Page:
Shea Hartig wins AG’s Cup

SHEA Kennedy Hartig,  a sophomore at Saipan International School, won the 34th Annual Attorney General’s speech competition at Fiesta Resort & Spa on Friday.

Mount Carmel School senior Kelvin Diaz Cepeda finished second while Marianas High School junior Kelvin Wolf was third.

This year’s topic was the Insular Cases Doctrine which allowed the U.S. Congress to choose which portions of the U.S. Constitution apply to unincorporated territories, including the CNMI.

“For over a hundred years,” Hartig said in her speech, “the Insular Cases have created a standard under which certain constitutional requirements are applied to the people of US territories, while others are not. Critics of the doctrine view it as the last remnant of colonialism, seeing it as an unequal representation of the territories based on race, or a tool of imperial constitutionalism.”

In reality she added, these cases are an opportunity to set a precedent and create a framework that will prioritize and protect indigenous traditions, values and culture from the imposition of federalism and foreign values.

She said the Insular Cases “wisely recognize that culture and tradition must be considered in establishing a working legal framework.”

She added,  “If the United States is to be truly a government of the people by the people, for the people, that shall not perish from this earth, as President Lincoln resolved in 1863, then it must be able to recognize the culture, traditions and wishes of the people who fly its flag.”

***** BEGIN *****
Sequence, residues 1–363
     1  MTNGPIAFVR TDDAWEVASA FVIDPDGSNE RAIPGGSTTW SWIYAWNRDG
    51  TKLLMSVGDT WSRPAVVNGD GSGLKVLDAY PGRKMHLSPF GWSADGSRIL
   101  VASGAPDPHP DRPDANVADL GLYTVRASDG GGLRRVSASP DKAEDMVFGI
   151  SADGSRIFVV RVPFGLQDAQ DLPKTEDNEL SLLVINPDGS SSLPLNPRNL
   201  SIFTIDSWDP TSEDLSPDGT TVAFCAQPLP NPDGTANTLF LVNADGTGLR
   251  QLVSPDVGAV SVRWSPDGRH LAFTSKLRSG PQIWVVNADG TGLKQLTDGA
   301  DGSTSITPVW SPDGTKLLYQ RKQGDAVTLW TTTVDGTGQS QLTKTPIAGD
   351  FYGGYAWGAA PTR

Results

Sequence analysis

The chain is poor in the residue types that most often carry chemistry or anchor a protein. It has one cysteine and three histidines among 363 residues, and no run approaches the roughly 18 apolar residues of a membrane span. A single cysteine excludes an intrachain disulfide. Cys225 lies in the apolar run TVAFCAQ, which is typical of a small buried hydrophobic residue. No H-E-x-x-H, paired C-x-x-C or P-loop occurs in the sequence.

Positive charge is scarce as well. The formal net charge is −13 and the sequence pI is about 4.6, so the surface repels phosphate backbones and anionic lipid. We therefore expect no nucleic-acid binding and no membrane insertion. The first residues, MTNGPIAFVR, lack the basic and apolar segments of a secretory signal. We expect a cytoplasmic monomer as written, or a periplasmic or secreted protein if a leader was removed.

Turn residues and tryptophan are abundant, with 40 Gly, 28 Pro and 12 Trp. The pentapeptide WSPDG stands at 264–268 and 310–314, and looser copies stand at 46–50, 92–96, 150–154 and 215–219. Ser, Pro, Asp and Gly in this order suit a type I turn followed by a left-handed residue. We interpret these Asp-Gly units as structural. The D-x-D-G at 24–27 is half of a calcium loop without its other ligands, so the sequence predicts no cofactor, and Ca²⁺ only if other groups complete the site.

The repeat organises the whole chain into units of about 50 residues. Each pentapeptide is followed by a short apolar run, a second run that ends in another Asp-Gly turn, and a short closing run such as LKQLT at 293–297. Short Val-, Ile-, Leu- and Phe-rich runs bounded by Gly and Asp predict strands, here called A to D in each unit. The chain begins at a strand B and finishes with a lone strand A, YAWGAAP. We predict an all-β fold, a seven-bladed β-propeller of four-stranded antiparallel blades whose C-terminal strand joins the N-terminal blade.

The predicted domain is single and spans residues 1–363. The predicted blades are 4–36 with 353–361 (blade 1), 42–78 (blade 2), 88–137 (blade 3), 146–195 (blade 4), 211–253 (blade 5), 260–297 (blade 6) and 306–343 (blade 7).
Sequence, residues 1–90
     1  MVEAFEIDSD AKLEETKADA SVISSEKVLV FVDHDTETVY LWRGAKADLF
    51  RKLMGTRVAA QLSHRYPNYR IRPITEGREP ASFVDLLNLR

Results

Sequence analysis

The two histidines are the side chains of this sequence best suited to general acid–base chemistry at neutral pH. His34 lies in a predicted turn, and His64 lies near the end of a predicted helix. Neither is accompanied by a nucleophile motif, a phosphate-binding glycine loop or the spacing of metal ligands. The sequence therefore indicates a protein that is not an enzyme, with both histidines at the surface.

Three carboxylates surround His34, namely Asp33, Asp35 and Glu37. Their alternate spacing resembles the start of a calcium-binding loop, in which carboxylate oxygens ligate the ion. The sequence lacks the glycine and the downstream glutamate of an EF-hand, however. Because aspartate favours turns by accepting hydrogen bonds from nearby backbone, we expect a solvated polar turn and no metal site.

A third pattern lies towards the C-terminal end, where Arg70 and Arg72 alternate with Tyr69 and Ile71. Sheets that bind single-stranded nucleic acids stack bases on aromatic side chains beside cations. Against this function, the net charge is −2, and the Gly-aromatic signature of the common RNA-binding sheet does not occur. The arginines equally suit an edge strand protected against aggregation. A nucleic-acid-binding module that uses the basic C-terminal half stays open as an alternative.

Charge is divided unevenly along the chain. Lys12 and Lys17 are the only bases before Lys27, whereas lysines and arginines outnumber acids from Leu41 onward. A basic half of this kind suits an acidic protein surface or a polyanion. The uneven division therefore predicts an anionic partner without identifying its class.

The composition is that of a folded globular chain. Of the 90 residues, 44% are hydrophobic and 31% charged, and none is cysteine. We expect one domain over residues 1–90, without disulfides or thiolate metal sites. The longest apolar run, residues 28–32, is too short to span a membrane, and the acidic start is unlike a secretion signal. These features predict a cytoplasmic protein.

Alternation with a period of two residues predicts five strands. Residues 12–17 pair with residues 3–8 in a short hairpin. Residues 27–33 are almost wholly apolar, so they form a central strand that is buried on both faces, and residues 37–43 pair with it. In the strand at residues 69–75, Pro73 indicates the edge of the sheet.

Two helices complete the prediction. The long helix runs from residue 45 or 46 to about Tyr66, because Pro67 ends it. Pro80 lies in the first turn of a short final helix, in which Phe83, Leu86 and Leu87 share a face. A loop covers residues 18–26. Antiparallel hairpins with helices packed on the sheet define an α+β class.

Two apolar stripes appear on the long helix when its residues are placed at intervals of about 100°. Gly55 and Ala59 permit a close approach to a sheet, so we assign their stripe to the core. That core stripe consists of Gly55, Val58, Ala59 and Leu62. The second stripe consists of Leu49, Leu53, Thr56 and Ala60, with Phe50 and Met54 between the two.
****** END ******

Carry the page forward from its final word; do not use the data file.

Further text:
In an interview, Hartig, who placed 2nd in last year’s AG’s Cup competition, said the issue this year was more difficult and involved more research.

Hartig thanked her parents, brother and friends for their support. Her mother is District Court for the NMI Magistrate Judge Heather Kennedy and her father is Chief Public Defender Douglas Hartig who is also her coach.

Although she worked hard preparing for the competition, winning first prize was still unexpected, Shea Hartig said.

“Nobody really expects to win. You just put in the hard work and hope that it pays off.”

She said preparing for the competition involved a lot of stressful nights with her father-coach, including “staring at the ceiling for hours on end until something hits you.”

When asked if she will follow in his parents’ footsteps, she replied: “The speaking is something that I like to do, but the paperwork that comes with being a lawyer and all of those long nights may not be for me.”

Mount Carmel School senior Kelvin Diaz Cepeda, who won 2nd prize, advocated a new kind of jurisprudence for the CNMI.

“We need a new kind of justice — a restorative form of justice that not only brings the community closer but avoids singling out anyone else. It should be more about the community and less about the individual.”

Marianas High School junior Kelvin Wolf, who placed 3rd, said the Insular Cases are no longer relevant and should be overturned.

The other participants this year were Min Ju Kang, junior, Marianas Baptist Academy; Louis Ao Feng Zheng, sophomore, Grace Christian Academy; Ella Eusebio, senior, Kagman High School; John Robert Tam, senior, Eucon International School; and Stephen Carino, senior, Saipan Sothern High School who was awarded honorable mention.

This year’s panel of judges included AG Edward Manibusan, CNMI Supreme Court Chief Justice Alexandro C. Castro, Deputy AG Lilian S. Ada, CNMI Superior Court Presiding Judge Roberto C. Naraja, CNMI Bar Association president Charles Brasington, and former AGs Matthew Gregory, Gil Birnbrich, Rexford Kosack, Pamela Brown and Herb D. Soll.

Source: Marianas Variety :

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